Yesterday I had lunch with Don, a friend who unabashedly admits he likes chick flicks. It was raining and quite chilly, and when I got home I yearned for a nice warm movie to crawl into.
One of the movies on the tube last night, a slight film with the title 13 Going on 30, was fine fare for my mood. Even though it meant enduring the constant interruption for annoying commercials -- during which I could channel-surf and observe and hear the drone of authors on Book TV on C-Span 2 -- I found myself intrigued with this little female version of Big.
The advantage this movie had to me is my lifelong admiration for girls in the age span of 11-13. There is something so touching about this age, particularly for females, before they really begin to think about how beautiful they are and how best to enhance whatever charms they have. A friend once described this life passage as "the grace period," referring to the authentic and often clumsy, childlike joy of girls before they begin to prepare to become women. Maybe my fascination is based on memory of myself at that time, enjoying the freedom from the oppression of competition for the the new shade of lipstick, the new charm bracelet, the right kind of shoes. Little girls of that age love each other, and, though they often yearn for grownup traits, they don't really have them yet.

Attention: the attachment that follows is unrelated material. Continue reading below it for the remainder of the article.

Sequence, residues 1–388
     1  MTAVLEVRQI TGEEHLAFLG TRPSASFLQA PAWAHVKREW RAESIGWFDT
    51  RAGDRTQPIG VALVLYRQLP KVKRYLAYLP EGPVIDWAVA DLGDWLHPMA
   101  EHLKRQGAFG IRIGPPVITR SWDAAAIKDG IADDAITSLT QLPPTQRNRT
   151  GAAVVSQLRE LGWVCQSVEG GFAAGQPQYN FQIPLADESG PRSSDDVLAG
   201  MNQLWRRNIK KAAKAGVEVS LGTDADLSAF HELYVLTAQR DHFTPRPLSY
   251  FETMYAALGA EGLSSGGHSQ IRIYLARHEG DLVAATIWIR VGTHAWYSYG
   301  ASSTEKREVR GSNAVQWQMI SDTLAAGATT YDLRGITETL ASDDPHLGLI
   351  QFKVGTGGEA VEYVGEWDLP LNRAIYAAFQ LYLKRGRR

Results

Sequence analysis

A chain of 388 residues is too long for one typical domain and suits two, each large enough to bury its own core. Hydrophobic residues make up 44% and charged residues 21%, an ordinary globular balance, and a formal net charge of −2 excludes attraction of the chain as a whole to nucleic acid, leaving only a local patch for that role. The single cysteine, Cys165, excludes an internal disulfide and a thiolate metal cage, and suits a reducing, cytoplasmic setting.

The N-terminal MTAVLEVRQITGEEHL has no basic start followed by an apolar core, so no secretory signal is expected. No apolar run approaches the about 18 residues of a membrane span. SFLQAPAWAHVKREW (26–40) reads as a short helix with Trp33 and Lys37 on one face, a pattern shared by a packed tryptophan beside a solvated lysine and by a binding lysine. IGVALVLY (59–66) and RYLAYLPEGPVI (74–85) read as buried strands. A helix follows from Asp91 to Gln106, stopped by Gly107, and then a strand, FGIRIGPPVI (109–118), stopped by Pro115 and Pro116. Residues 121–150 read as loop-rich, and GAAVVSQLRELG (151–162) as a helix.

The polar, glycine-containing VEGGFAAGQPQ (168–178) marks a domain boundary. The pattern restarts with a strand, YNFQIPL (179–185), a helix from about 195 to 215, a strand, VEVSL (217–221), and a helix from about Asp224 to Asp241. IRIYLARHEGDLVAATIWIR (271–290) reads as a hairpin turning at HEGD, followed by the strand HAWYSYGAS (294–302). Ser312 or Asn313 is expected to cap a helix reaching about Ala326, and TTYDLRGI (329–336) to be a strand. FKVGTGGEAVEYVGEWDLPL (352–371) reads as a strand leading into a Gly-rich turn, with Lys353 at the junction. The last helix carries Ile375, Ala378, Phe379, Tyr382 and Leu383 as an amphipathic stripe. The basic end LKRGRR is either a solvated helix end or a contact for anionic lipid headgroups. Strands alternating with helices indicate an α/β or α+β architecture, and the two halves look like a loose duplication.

The beginning of 13 Going on 30 captures that, in the beginning of the movie, when the little girl -- perfectly personified by Christa B. Allen -- is planning her 13th birthday party. She is best friends with the boy next door, and she seeks acceptance by the obnoxious "in" group of girls, admitting that she will do anything to be like them. To escape the nightmare of the party (during which the girls play a cruel trick involving the boy next door whom they regard as nerdy), she must become like a celebrity in her favorite magazine, that is, she must become 30 years old and love it.
The movie is silly, actually, with the device of magic dust transforming her to age 30; just as Big transformed Tom Hanks through an amusement park machine. Given that, and given that I was already hooked and eager to see what Jennifer Garner could do in the Hanks-like transformation, I stayed with it and remained at least bemused by the rest of the film and quite hooked by the inevitable ending.
Garner, it turns out, does a nice turn at being a 12-year-old in a 30-year-old body. (I know she's chronologically 13, but to me it's more 12 since it's just her birthday.) She adores her clothes, loathes the men in her 30-year-old life, and seeks out the boy who used to live next door, whom apparently she had traumatized all those years ago as part of the party trick. Luckily the boy next door is now played by Mark Ruffalo, and is now a hunky photographer and she is now a powerful women's magazine editor.
I won't give away any more of the plot, such as it is. Let's just say my favorite scenes were the dancing of "Thriller," first so touchingly by Christa B. Allen, and later by Garner, Ruffalo, and a host of New York sophisticates said to be in the publishing biz.
This is not a movie of any consequence. It is entertainment, if you're willing to suspend disbelief. I was happy to get acquainted with the pre-Affleck Jennifer Garner, who, in 2004 when the film was released, had a very shapely body atypical of the times (read: She actually had hips), and see that there is considerable flair for comedy there. Mark Ruffalo won me over too. And Christa B. Allen, wherever she may be now that she is outside the grace period, I shall forever hold in my memory as the prototype of a little girl of that certain special age.
And guess what: 13 Going on 30 will be shown again tonight on the Fox Movie Channel at 6 P.M. EST.